Arizona State University Satellite 1 (ASUSat1): Low-Cost, Student-Designed Nanosatellite Academic Article uri icon


  • On 27 January 2000 at 03:03:06 (coordinated Universal time) Arizona State University Satellite 1 (ASUSat1) was launched into space. The launch was the culmination of six years of effort by over 400 students. ASUSat1 is an innovative nanosatellite bringing new concepts for low-power, low-mass, highly constrained designs. Its primary mission was Earth imaging, with several secondary missions including attitude and orbit determination, amateur-radio communications, passive stabilization techniques, and composite-material research. After the successful launch and deployment of ASUSat1, the satellite operated for 14 h. In spite of this, the team collected telemetry from and commanded the satellite and verified many of the design concepts incorporated into the satellite. A majority of components and subsystems performed as designed and built by the students, including the Marmon clamp deployment mechanism, boom deployer, microswitches, tape antennas, gravity-gradient stabilization system, carbon-composite structure, boot-loader software, computer, modem, receivers, transmitter, passive thermal control, thermal sensors, power storage and regulation system, dynamics board, sun/Earth sensors, and ground station. Following the on-orbit failure of ASUSat1, the team conducted an investigation to single out the problem. Even though no specific problem was identified, the team has noted several design and system-level issues to be taken as lessons learned from this project to future student satellite projects.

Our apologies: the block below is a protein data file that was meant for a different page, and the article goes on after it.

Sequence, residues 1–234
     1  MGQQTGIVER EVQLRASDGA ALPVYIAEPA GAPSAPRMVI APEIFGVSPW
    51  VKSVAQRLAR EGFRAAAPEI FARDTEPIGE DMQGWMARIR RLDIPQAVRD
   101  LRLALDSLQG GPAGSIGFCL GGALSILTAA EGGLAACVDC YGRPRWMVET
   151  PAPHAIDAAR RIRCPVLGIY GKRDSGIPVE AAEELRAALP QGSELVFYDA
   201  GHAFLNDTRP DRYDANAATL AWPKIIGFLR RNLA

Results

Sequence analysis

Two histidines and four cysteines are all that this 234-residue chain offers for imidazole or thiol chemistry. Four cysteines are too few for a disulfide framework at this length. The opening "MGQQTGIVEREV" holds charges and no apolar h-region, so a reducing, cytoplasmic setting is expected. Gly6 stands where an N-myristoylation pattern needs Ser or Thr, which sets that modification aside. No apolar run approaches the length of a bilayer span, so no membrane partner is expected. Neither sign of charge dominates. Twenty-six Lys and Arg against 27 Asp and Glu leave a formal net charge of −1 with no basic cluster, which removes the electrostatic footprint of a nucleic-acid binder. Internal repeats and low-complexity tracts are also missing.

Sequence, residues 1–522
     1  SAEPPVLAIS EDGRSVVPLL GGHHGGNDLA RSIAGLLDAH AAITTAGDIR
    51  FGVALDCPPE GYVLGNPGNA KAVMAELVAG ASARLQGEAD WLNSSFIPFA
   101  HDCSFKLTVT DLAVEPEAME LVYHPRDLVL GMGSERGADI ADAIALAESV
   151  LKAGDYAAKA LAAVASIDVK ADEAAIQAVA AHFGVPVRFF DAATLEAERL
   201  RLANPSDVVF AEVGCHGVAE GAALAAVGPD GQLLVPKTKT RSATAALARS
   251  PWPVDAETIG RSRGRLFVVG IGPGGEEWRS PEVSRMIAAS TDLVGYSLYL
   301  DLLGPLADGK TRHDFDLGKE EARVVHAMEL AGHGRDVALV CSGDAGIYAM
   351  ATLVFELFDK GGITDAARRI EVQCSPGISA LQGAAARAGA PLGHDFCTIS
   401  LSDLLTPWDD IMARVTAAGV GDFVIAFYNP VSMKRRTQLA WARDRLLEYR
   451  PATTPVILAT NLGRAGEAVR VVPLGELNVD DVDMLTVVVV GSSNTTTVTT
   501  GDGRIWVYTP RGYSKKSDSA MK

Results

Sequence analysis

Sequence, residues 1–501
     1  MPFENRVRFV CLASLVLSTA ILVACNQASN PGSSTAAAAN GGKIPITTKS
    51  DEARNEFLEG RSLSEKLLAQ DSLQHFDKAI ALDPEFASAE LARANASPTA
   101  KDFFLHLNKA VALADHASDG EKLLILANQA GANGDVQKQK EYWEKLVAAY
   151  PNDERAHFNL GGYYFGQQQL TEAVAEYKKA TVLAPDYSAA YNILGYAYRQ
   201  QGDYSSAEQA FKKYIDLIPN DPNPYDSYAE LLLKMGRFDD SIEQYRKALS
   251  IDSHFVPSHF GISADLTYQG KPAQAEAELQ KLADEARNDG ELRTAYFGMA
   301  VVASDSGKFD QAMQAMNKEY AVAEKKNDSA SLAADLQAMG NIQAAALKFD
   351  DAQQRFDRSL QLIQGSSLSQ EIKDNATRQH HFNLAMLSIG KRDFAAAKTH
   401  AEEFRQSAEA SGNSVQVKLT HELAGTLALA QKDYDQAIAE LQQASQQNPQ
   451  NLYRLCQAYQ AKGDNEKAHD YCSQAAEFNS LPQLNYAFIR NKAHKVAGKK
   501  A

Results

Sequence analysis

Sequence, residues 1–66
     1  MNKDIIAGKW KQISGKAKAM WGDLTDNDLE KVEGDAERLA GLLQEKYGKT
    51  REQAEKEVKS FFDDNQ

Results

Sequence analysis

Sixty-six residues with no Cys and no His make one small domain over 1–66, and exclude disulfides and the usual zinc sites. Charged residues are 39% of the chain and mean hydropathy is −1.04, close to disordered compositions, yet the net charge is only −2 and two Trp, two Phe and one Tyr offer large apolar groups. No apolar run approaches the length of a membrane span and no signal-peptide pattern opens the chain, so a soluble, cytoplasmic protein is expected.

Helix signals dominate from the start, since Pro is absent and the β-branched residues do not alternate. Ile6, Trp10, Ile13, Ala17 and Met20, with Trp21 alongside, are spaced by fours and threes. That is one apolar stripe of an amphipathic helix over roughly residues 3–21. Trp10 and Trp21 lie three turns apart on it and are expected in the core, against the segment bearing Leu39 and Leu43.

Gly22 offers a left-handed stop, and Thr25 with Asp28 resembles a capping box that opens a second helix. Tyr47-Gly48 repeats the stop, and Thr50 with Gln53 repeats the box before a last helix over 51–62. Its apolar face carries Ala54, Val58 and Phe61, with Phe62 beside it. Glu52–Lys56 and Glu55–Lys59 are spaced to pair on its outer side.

published proceedings

  • Journal of Spacecraft and Rockets

author list (cited authors)

  • Friedman, A., Underhill, B., Ferring, S., Lenz, C., Rademacher, J., & Reed, H.

citation count

  • 8

complete list of authors

  • Friedman, Assi||Underhill, Brian||Ferring, Shea||Lenz, Christian||Rademacher, Joel||Reed, Helen

publication date

  • September 2002